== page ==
15 Clubs That Have to Get Moving Fast in the 2014 Transfer Window
There might still be plenty of time left in the summer transfer window for clubs to get their main business done—but others are cranking up the heat nice and early and bringing in top players, thereby shrinking certain markets where similar players are available.
Patience and timing are important in transfer dealings, no doubt, but we've all seen clubs who wait until the last minute, then panic-buy or pay well over the market price.
Here are 15 teams who need to get themselves moving in the transfer window—and not all of them are here because they haven't yet signed anyone.
Most viewers are familiar with Barcelona: great in attack, terrific in possession, notoriously dodgy at the back when pressed.
The outgoing goalkeepers might have been replaced, but the same can't be said for centre-back Carles Puyol or for any kind of strengthening in that department.
It's tough to see how Toni Kroos fits into the Real Madrid side or why they signed him other than "because he's very, very good."
If they're after a No. 10, it's not exactly a vote of confidence in last year's Spanish project that saw Isco sign for a big fee, while if he's going to operate deeper, Luka Modric will be wondering why his club hasn't noticed that he was the best No. 8 in Spain last year.
Still, Real should have more money to spend elsewhere, and they'll need to to win back the league title. Goalkeeper, full-backs, anyone?
Tottenham Hotspur haven't signed anybody this summer yet, despite new manager Mauricio Pochettino being in place.
Not entirely sure we need any more reasons...
Manchester United have made good signings in Ander Herrera and Luke Shaw, but they don't address the tactical needs of Louis van Gaal—a holding, controlling midfielder should be needed in that case—or the weaknesses of the wide areas of United's midfield last season.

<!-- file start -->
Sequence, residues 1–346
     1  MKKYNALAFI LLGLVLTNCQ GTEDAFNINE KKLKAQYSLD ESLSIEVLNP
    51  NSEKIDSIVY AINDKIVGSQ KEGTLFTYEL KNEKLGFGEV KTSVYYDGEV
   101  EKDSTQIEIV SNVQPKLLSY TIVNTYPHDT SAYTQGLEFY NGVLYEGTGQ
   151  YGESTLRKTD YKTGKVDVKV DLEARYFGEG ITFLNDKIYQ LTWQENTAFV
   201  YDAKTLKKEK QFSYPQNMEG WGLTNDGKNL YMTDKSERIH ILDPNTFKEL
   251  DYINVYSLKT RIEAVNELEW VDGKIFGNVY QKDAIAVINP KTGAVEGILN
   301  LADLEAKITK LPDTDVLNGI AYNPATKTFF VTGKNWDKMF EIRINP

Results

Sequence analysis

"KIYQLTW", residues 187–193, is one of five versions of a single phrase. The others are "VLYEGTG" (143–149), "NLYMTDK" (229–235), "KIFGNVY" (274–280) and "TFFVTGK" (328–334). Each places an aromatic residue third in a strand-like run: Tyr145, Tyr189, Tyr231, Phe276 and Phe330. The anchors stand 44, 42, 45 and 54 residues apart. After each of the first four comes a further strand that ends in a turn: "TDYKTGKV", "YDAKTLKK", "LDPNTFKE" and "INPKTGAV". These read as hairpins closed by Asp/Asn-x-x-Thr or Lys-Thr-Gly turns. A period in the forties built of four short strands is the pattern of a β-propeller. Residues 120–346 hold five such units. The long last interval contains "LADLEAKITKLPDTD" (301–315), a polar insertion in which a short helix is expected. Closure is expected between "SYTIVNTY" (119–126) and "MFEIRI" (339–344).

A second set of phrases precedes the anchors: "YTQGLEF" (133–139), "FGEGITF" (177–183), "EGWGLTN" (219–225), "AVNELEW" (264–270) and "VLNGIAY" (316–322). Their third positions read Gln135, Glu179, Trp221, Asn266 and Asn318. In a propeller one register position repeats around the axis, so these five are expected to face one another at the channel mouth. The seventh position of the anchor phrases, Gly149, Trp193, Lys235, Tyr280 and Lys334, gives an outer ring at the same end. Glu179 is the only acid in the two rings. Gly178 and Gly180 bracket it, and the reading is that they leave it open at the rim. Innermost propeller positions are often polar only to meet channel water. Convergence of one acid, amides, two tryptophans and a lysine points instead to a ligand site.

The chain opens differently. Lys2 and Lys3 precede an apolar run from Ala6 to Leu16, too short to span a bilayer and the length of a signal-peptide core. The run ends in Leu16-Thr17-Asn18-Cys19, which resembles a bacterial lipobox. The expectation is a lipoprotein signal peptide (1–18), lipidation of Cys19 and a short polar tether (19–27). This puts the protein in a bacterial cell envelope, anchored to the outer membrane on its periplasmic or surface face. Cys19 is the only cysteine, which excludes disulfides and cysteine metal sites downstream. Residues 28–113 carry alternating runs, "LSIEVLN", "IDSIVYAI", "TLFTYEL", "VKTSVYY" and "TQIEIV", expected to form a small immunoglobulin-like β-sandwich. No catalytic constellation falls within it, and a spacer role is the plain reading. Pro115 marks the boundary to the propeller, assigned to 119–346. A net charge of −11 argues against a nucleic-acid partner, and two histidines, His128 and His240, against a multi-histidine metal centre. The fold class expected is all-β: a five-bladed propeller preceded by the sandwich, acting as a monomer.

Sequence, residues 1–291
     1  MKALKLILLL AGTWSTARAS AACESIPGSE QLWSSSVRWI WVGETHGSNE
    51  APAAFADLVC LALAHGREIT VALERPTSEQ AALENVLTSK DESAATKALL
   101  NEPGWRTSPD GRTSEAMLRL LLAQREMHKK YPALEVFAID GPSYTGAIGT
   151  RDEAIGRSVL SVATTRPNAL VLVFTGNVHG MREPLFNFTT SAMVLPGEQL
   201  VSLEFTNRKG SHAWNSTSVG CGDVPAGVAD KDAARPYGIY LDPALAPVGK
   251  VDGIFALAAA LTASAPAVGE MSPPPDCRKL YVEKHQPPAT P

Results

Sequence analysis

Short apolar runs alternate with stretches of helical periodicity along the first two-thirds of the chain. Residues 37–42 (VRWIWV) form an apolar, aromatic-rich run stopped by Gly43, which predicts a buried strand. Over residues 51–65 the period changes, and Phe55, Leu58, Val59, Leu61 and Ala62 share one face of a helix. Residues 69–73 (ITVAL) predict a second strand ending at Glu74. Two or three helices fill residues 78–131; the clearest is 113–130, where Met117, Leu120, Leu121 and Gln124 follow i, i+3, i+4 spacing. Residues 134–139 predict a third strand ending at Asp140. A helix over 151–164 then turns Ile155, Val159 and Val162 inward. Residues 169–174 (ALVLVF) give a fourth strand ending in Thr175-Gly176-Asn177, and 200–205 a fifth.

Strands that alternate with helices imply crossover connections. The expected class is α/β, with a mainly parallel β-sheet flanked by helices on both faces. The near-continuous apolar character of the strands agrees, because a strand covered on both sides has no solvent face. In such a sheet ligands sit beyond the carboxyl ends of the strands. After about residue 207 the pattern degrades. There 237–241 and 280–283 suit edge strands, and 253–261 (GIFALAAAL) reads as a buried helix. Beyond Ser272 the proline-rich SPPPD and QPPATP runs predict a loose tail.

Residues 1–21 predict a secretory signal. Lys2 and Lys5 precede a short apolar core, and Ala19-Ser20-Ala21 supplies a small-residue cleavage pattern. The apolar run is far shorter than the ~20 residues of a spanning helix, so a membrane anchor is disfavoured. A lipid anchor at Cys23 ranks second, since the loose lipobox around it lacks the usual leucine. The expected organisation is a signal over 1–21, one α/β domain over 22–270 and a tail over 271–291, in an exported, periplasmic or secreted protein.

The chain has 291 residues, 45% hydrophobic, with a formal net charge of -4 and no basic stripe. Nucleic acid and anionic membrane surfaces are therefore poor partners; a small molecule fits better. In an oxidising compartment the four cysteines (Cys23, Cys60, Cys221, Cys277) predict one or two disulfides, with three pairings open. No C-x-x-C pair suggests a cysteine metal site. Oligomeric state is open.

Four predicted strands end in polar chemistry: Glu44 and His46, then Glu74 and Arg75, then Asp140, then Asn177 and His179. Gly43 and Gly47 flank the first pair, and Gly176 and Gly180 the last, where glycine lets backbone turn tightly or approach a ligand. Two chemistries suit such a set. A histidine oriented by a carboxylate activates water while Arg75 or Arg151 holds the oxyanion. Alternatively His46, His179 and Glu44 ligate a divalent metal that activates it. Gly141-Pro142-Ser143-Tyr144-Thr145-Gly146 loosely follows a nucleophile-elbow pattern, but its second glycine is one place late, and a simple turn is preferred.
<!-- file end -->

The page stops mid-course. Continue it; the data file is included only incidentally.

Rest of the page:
Much might depend on who impresses the new boss in preseason, but surely they need to ship out a few underperformers from the past couple of campaigns and have Van Gaal bring in a couple of his own top-class talents.
Daley Blind (above, right) would likely take care of two needs with one safe, inspired signing.
Liverpool have been busy, buying Lazar Markovic, Adam Lallana, Rickie Lambert and Emre Can.
None of them come close to replacing Luis Suarez, naturally, whose goals certainly require replacement at least in part by the signing of another top-quality attacker.
In addition, though, the Reds need almost a complete overhaul of the defence, with one centre-back and one full-back an absolute minimum requirement. Almost £60 million has been spent so far, and none of that has touched a back line that was, at times last season, in shambles.
Athletic Bilbao face the same problems as always: By only buying Basque players, who can they convince to join?
Ander Herrera is a big loss, but if the likes of Mikel Arteta, Antoine Griezmann and Cesar Azpilicueta are either unavailable or not looking to move to Bilbao, it's tough to see how they can strengthen.
Valencia were poor for most of last season, and the off-field problems look set to continue.
They've lost Juan Bernat and Seydou Keita this summer—and Philippe Senderos, if that's an issue. Only Nicolas Otamendi is a reasonable incoming talent.
Mid-table anonymity might be a fond memory by January at this rate.
The change in managers at Juve was sudden and surprising, so it remains to be seen what impact that has on their transfer dealings.
Arturo Vidal looks almost certain to depart, and there are few particularly big-name rumours surrounding Juventus at this moment.